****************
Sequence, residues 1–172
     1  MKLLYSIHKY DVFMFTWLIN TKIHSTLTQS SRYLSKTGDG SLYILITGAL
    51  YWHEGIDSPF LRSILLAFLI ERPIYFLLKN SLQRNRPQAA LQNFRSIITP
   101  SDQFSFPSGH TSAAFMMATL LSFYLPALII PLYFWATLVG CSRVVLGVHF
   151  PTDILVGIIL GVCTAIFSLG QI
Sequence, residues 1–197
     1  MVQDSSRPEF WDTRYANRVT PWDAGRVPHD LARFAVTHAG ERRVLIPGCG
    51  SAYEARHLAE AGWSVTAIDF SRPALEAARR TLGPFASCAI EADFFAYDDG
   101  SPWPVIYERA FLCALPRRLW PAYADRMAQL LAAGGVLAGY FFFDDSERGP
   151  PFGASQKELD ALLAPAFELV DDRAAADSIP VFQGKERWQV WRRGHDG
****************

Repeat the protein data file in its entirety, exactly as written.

Sequence, residues 1–172
     1  MKLLYSIHKY DVFMFTWLIN TKIHSTLTQS SRYLSKTGDG SLYILITGAL
    51  YWHEGIDSPF LRSILLAFLI ERPIYFLLKN SLQRNRPQAA LQNFRSIITP
   101  SDQFSFPSGH TSAAFMMATL LSFYLPALII PLYFWATLVG CSRVVLGVHF
   151  PTDILVGIIL GVCTAIFSLG QI
Sequence, residues 1–197
     1  MVQDSSRPEF WDTRYANRVT PWDAGRVPHD LARFAVTHAG ERRVLIPGCG
    51  SAYEARHLAE AGWSVTAIDF SRPALEAARR TLGPFASCAI EADFFAYDDG
   101  SPWPVIYERA FLCALPRRLW PAYADRMAQL LAAGGVLAGY FFFDDSERGP
   151  PFGASQKELD ALLAPAFELV DDRAAADSIP VFQGKERWQV WRRGHDG